I have a friend that has a decidedly childlike twinkle in his eye (even though he is in his sixties) and a deeply committed, dry sense of humor. Because of his multiple sclerosis, he’s also in a wheelchair. And so it was only a few months ago that it occurred to his friends and family that while everyone else at church had probably gotten to hold Lucia, he hadn’t.
When we placed her into his arms, she settled into his lap and nestled onto his chest and began to make great Herculean gestures to crane her neck to see this new person who was holding her.
That’s how you know Lucia likes you. That’s how you know she’s interested. And then, she began to gaze up at him adoringly, an intensity of steadfast looking upon that exudes an otherworldly contentment (and that she doesn’t do for just anybody either).
A few weeks later, my friend came to me and talked about that heavenly gaze. “For just a moment, I would really love to see what she sees,” he mused.
And his words touched me deeply.
You see, given Lucia’s vision challenges, we can’t be certain that she often sees much of anything. And given her cognitive differences, there’s all sorts of reasons to believe she experiences the world in a limited capacity. But those are just doctors’ and experts,’ and perhaps even cynics’ hunches.
None of us has ever seen or experienced the world through her eyes.
And here was someone who recognized (perhaps because of his own experience with disability) that able-bodied, neuro-typical people may see and experience the world in one way, but that’s just one way of seeing things. Here was someone who looked on Lucia and didn’t find her deficient or lacking or wounded but a person of great depth, worthy of interest, and even admiration.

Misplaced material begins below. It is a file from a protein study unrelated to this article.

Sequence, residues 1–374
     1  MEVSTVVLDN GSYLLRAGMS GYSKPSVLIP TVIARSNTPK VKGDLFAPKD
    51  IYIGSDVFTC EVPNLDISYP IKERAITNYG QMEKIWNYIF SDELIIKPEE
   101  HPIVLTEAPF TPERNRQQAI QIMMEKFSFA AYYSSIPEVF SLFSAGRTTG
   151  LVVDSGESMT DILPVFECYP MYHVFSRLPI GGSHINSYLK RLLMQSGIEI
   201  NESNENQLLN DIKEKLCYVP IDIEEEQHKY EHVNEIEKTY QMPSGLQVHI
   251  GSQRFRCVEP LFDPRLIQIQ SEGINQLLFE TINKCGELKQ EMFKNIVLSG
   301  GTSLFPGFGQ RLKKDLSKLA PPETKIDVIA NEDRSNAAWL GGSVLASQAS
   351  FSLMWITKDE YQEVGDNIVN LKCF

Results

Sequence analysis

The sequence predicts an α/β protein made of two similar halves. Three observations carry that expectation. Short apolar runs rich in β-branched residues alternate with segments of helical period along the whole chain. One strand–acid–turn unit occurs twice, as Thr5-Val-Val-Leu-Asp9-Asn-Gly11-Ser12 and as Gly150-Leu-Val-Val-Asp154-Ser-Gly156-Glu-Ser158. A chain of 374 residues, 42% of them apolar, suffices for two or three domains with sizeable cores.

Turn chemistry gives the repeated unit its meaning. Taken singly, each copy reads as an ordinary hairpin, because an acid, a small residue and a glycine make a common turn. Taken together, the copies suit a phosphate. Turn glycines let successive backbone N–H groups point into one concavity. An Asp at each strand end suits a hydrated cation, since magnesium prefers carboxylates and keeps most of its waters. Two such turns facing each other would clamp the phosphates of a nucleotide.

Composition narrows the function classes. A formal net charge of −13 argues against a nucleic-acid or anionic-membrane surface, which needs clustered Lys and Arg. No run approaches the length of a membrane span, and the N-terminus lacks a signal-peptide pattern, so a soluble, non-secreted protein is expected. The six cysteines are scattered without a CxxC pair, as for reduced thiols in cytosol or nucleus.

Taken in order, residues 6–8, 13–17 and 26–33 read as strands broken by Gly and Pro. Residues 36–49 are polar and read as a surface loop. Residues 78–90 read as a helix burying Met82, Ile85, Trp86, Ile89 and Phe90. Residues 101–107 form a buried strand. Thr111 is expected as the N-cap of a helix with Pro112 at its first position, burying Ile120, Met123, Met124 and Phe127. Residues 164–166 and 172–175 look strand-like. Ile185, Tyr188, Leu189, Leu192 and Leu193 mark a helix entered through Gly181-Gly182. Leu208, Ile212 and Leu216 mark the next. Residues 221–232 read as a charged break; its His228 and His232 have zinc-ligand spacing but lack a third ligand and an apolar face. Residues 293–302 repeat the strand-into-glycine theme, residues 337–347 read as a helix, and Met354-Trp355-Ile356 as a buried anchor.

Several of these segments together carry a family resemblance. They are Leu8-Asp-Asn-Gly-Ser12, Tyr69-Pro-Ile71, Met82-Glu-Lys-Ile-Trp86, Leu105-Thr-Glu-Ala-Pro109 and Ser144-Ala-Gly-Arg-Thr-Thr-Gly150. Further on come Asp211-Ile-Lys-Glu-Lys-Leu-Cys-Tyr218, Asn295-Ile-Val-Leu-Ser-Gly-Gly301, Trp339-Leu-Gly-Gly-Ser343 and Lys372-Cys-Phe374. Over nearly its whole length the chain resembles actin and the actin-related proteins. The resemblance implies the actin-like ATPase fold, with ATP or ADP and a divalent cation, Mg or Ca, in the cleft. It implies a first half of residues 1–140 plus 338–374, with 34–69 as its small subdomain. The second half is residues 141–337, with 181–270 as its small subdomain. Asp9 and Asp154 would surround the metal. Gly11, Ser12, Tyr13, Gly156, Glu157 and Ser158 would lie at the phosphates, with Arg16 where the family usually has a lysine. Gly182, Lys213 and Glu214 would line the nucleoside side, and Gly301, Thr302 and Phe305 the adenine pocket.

My friend’s words touched me deeply, and something leapt inside of me, because someone seemed to be really seeing Lucia for Lucia! While we go about our busy days, Lucia finds great contentment in being still and listening. While we go through days and weeks without touching or holding one another, Lucia finds her greatest comfort and joy in being close. While we bury our heads in our desks and flitter away our hours with meetings, Lucia has finally mastered looking at people she knows, making small noises, and generously allowing us to brush her teeth.
This past weekend when we talked together at church about wisdom, I was rather at a loss. Wisdom is such a slippery thing to pin down.
What can you say about wisdom that rings true?
But we generally agreed that wisdom doesn’t come from us, it comes from God. It doesn’t come from our trying and working and hustling and struggling and toiling but seeps into our souls, patiently waiting for us to pay attention to what whispers rather than what is clamoring for our attention.
And so I think about my friend’s words, his desire to know more about what Lucia sees, his childlike heart and humor, and I think how paradoxical and playful wisdom also is. Wisdom comes to us in the ways of a child, mocking our pursuits, beckoning us to simpler, truer ways.
And it dawned on me: however mysterious and unknown and beyond us, Lucia’s ways are decidedly true. Lucia’s time is time well spent. When we try to capture Lucia in diagnoses or deficiencies or developmental charts, the efforts are colossal failures, crude renderings of a life well-lived.
But in gazes and touches and whispers? Well, I’m with my friend, I want to know more of those.